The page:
While studies have shown that ICTs can be instrumental into accessing information and services, therefore improving individual’s wellbeing, studies have also showed that individuals also report improvements on their self-esteem, self-efficacy, and confidence, among others (Kleine 2013; Poveda 2015). These impacts indicate that ICT can be instrumental in improving individual’s psychological health. Research related to psychological health and ICT have focused on the impact of these new technologies on specific activities conducted by their users, for instance how ICT have affected their work, leisure or relationship activities, each independently (Danielsson and Öberg 2010; Thomée et al. 2007). On another hand, research has explored ways in which ICT can aid mental health conditions, such as depression or anxiety, through the provision of e-health services, for instance, apps providing metal health information (Breslau and Engel 2015; Cifre et al. 2004). The focus of this research differs from the above, as it aims to explore the relationship between the ICT and the individual’s psychosocial wellbeing, namely both the individual’s social and psychological wellbeing.
Given the UNU-CS focus on Peace and inspired by the positive psychosocial impacts reported in the studies mentioned above, the motivation of this research is to find out whether ICT can be used specifically to improve psychosocial wellbeing of individuals as an alternative way of supporting peacebuilding efforts. ICTs are already being used for peacebuilding, for instance to improve health services affected by the conflict, to enable online education to distant or poor served locations, to motivate public engagement, to monitor behaviour and crisis outbreak, and to support reconciliation activities (Brantmeier and Richardson 2009; Kelly and Souter 2013). However, authors argue that addressing and transforming trauma is imperative for peacebuilding (Clancy and Hamber 2008; Kalayjian and Paloutzian 2009; Zehr 2008), and on this area, initial literature review indicates there are just a few studies in which ICTs are directly used for peacebuilding by addressing psychosocial wellbeing (Best et al. 2011).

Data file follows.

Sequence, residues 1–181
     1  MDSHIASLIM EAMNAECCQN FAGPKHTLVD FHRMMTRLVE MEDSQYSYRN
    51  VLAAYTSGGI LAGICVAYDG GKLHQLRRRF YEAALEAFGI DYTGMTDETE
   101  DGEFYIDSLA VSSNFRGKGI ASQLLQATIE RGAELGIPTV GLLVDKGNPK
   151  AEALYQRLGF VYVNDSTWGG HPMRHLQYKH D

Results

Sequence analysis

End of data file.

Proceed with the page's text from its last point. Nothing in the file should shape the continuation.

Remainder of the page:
This research aims to contribute to this growing literature, focusing on Myanmar as an example. Myanmar has suffered from internal conflict for more than 60 years, and is currently experiencing a peaceful period and a newly implemented democracy. These changes, together with other economic, social and technological changes, mean Myanmar citizens face incredible opportunities in a very uncertain and changing environment. As ICT penetration grow and prices for hardware and services decline, more and more users will have the opportunity to gain benefits from ICT usage. However, as research has shown (Gigler 2015; Kleine 2013; Poveda 2015), benefits from ICT usage range in quality in quantity among users, and having access and using ICT is not directly related to development outcomes. Accordingly, various projects in Myanmar are focusing in helping citizens harness the benefits of ICT. This project will then analyse how different ICT project, specifically initiatives by MBAPF and UNDP, impact citizens’ psychosocial wellbeing. The first case study, the initiative by the Myanmar Book Aid and Preservation Foundation (MBAPF), focuses on improving citizens Mobile Information Literacy skills. The second case study, the initiative by UNDP, focuses on improving women’s empowerment, motivation and self-esteem through training and a supportive App called iWomen. Using mix methods, this research project will explore how these two initiatives impact the psychosocial wellbeing of their participants, in particular on their psychological wellbeing (autonomy, self-acceptance, etc), social wellbeing (relations with others, material resources, etc) and digital skills. This analysis will help pinpoint best practices and opportunities for improvement, which will be the base for the second phase of the project, which aims to implement changes in MBAPF and UNDP to improve their practices.